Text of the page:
Swimming is a great way to cool off, get some exercise, and just have fun during the summer. However, swimming pools come with many risks for swimmers and pool owners. Drowning is the leading cause of unintentional death in children ages 1-4 years old and the second leading cause of unintentional death for kids ages 5-14 years old.
Pools are what insurers call an attractive nuisance, which is something that is attractive to many people, especially children, but can also be dangerous. Therefore, if you have a pool, whether at your home or your business, you need to implement layers of protection to make sure those who use your pool do so safely and prevent unauthorized use.
- Teach children (and adults) how to swim. Anyone can learn to swim, even if they never got to take lessons as a child. But it never hurts to start early when you can. If you have children, sign them up for swimming lessons, and don’t hesitate to brush up on your own skills, either. And if you run a country club, gym, water park, or other recreational facility with a pool, consider offering swimming lessons to your clientele.
- Never leave children unattended in or near water, even for a moment. Always keep an eye on children when you’re at the pool, even if lifeguards are present. The more eyes that are on a child, the less likely they are to drown. Pool owners should also make sure to have rescue equipment, like shepherd’s hooks and life rings, available near the pool and in good condition, so a lifeguard or caregiver can reach for them at a moment’s notice.
- Make sure all drains have anti-suction covers. The Virginia Graeme Baker Pool and Spa Safety Act requires all public pools to install anti-suction covers on their drains, and it’s a good idea for residential pool owners to do so as well. The suction from pool drains can trap even adults underwater, and they can trap things like hair and clothing. Also, it’s a good idea to encourage children not to play near the drains, even if they are properly covered.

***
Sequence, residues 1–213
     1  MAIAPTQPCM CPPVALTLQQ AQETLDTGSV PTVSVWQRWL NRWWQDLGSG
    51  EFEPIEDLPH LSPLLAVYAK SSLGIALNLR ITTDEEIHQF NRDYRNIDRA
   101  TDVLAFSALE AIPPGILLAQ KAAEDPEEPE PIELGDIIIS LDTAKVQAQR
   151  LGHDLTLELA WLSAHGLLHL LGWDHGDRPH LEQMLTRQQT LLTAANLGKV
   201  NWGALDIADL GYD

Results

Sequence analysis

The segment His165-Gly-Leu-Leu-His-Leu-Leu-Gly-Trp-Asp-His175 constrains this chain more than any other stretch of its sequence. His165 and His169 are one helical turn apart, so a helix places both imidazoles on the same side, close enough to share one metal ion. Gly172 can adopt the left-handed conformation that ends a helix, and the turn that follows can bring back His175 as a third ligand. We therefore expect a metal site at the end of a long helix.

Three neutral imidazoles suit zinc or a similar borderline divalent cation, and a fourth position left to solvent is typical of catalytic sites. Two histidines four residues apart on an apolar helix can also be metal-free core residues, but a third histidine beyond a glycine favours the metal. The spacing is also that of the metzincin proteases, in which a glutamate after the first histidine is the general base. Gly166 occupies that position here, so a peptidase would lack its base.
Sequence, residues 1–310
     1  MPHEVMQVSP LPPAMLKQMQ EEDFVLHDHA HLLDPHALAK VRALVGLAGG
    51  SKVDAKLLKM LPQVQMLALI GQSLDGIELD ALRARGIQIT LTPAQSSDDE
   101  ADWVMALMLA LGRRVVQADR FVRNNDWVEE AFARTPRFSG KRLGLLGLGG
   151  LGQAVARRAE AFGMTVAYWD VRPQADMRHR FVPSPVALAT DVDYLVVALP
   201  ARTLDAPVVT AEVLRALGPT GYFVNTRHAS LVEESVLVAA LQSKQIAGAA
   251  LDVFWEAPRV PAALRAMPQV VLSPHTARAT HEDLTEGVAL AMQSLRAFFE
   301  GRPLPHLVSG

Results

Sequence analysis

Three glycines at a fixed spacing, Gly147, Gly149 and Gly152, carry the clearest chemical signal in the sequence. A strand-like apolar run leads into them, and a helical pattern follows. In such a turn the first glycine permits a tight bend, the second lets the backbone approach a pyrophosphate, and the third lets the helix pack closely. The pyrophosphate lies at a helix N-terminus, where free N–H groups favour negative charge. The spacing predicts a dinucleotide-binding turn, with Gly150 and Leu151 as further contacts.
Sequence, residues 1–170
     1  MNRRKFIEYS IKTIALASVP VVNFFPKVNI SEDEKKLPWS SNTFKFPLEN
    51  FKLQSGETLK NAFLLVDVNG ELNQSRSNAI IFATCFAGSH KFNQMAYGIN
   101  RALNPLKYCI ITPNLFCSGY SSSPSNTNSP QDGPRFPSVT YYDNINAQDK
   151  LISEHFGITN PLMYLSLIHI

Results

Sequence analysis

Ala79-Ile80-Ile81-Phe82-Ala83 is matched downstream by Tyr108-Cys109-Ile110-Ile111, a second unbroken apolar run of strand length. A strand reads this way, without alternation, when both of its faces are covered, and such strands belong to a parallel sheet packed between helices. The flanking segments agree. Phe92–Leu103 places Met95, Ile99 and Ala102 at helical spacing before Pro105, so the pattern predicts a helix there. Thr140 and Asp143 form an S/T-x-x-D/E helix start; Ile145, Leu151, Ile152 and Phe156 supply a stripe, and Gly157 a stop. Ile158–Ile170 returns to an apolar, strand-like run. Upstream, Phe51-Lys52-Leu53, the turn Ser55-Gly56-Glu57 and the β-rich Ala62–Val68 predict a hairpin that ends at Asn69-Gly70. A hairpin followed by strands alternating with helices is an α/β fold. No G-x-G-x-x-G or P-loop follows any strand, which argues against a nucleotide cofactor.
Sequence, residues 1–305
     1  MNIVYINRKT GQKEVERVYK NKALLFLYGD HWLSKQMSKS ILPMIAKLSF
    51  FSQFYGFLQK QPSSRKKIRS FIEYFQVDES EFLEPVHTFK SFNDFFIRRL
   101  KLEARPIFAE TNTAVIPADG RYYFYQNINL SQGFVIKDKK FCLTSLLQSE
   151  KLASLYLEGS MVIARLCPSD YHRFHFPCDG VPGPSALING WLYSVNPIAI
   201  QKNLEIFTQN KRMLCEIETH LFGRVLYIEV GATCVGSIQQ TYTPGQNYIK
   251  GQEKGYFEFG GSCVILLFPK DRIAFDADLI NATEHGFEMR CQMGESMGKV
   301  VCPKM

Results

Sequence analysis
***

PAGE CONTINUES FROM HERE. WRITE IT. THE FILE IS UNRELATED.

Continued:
- Install barriers, covers, locks, and alarms to prevent unauthorized use. All pools should by surrounded by a fence at least four feet tall, and make sure it’s not easy to climb. Make sure entrances have effective locks to keep swimmers out when there isn’t a lifeguard on duty and alarms to let everyone know if someone does try to break in.
- Learn CPR for adults and children. If you see someone potentially drowning, don’t wait for a lifeguard to help. A bystander could be the difference between life and death, so it’s always good to know basic CPR techniques for both adults and children.
- Make sure you know what drowning actually looks like. Depictions of drowning on television and in other media often show someone desperately screaming and splashing around. However, drowning is typically silent, as the person doesn’t have the air to scream (though you should help someone who is visibly in distress as well). So if a swimmer goes silent, investigate!
- If you have a pool at your business, train all of your staff on pool safety. We at Kamm Insurance Group offer online pool safety and liability courses through our Verticlimb online training product. These courses are an overview of pool safety for all employees, not just lifeguards, to help keep your pool as safe as possible. The more eyes on the pool, the better, and any employee could prevent a tragedy.
Visit the U.S. government’s Pool Safely website for more information on how to keep your loved ones and your customers safe around your pool. Also, make sure you have an umbrella insurance policy that covers your pool, whether residential or commercial, to protect you in the event of an accident involving your pool. You can be held liable for even accidents arising from unauthorized use, so make sure those barriers, locks, and your insurance coverage are in good working order.